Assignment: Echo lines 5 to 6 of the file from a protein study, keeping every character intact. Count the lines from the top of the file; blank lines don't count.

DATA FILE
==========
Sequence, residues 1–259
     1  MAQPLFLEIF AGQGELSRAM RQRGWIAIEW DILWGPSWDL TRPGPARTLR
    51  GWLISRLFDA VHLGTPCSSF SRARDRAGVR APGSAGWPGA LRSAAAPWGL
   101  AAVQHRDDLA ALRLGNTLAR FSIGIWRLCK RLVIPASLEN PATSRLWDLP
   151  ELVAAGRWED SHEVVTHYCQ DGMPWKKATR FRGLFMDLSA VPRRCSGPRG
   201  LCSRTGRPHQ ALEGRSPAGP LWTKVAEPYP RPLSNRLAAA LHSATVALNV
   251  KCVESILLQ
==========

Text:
   151  ELVAAGRWED SHEVVTHYCQ DGMPWKKATR FRGLFMDLSA VPRRCSGPRG
   201  LCSRTGRPHQ ALEGRSPAGP LWTKVAEPYP RPLSNRLAAA LHSATVALNV